There is more than meets the eye when it comes to being a business analyst/programmer. For example, did you know that they make an average of $37.15 an hour? That's $77,277 a year! Between 2018 and 2028, the career is expected to grow 9% and produce 56,000 job opportunities across the U.S.
There are certain skills that many business analyst/programmers have in order to accomplish their responsibilities. By taking a look through resumes, we were able to narrow down the most common skills for a person in this position. We discovered that a lot of resumes listed analytical skills, communication skills and creativity.
If you're interested in becoming a business analyst/programmer, one of the first things to consider is how much education you need. We've determined that 67.7% of business analyst/programmers have a bachelor's degree. In terms of higher education levels, we found that 14.8% of business analyst/programmers have master's degrees. Even though most business analyst/programmers have a college degree, it's possible to become one with only a high school degree or GED.
As you move along in your career, you may start taking on more responsibilities or notice that you've taken on a leadership role. Using our career map, a business analyst/programmer can determine their career goals through the career progression. For example, they could start out with a role such as business analyst, progress to a title such as project manager and then eventually end up with the title manager, project management.
What Am I Worth?
Stanford, CA • Private
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The skills section on your resume can be almost as important as the experience section, so you want it to be an accurate portrayal of what you can do. Luckily, we've found all of the skills you'll need so even if you don't have these skills yet, you know what you need to work on. Out of all the resumes we looked through, 12.0% of business analyst/programmers listed business process on their resume, but soft skills such as analytical skills and communication skills are important as well.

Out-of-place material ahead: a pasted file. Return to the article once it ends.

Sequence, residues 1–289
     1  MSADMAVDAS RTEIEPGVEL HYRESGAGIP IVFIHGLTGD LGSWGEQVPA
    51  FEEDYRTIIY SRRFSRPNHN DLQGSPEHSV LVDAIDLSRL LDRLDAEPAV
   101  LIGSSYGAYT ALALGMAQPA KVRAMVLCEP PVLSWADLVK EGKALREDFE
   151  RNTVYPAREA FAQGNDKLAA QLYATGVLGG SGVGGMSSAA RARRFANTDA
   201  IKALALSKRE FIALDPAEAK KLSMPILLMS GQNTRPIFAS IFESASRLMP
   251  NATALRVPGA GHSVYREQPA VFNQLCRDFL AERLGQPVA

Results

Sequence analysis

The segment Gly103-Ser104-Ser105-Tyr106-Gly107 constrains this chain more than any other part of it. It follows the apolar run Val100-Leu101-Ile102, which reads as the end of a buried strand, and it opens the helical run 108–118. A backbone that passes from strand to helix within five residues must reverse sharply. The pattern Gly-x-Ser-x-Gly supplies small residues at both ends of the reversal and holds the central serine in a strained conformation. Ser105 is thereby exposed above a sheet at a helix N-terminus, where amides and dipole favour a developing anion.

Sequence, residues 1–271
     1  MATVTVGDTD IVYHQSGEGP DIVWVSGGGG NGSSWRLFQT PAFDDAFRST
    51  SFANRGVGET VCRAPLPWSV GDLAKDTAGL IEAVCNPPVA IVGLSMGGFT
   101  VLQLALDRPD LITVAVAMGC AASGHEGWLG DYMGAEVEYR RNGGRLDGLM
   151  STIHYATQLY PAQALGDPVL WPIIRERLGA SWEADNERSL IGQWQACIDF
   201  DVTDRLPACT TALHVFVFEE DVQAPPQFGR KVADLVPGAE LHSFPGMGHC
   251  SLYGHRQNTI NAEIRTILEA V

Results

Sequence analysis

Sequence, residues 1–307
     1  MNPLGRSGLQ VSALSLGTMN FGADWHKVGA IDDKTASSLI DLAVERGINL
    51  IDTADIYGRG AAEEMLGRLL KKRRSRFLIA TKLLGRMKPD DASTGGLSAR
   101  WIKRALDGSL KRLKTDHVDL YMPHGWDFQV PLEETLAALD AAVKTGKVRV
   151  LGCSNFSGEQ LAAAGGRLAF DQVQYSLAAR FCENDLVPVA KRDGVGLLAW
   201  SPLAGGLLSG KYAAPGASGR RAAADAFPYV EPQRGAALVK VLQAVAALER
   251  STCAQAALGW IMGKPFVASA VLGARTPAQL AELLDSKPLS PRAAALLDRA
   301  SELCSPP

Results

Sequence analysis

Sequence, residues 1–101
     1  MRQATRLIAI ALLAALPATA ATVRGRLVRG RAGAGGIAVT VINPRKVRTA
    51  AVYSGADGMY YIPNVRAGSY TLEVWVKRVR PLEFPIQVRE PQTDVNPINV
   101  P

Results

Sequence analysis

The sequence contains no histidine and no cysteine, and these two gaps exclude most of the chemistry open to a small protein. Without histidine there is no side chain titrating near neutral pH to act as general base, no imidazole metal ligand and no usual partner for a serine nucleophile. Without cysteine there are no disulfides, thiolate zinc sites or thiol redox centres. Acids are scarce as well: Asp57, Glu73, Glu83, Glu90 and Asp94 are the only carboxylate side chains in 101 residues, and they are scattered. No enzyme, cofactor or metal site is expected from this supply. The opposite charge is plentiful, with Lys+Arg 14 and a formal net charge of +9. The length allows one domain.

Zippia allows you to choose from different easy-to-use Business Analyst/Programmer templates, and provides you with expert advice. Using the templates, you can rest assured that the structure and format of your Business Analyst/Programmer resume is top notch. Choose a template with the colors, fonts & text sizes that are appropriate for your industry.
After extensive research and analysis, Zippia's data science team found that:
A complete experience for a Business Analyst during the life of a project...
Learn project management techniques to increase your project success rate as a Business Analyst!...
Increase your value as a Business Analyst by learning how to plan projects successfully without a Project Manager...
Some places are better than others when it comes to starting a career as a business analyst/programmer. The best states for people in this position are Maryland, Washington, Pennsylvania, and New York. Business analyst/programmers make the most in Maryland with an average salary of $95,528. Whereas in Washington and Pennsylvania, they would average $92,581 and $89,204, respectively. While business analyst/programmers would only make an average of $88,877 in New York, you would still make more there than in the rest of the country. We determined these as the best states based on job availability and pay. By finding the median salary, cost of living, and using the Bureau of Labor Statistics' Location Quotient, we narrowed down our list of states to these four.
1. District of Columbia
2. Rhode Island
|Rank||Company||Average Salary||Hourly Rate||Job Openings|
|9||Bank of America||$84,597||$40.67||4|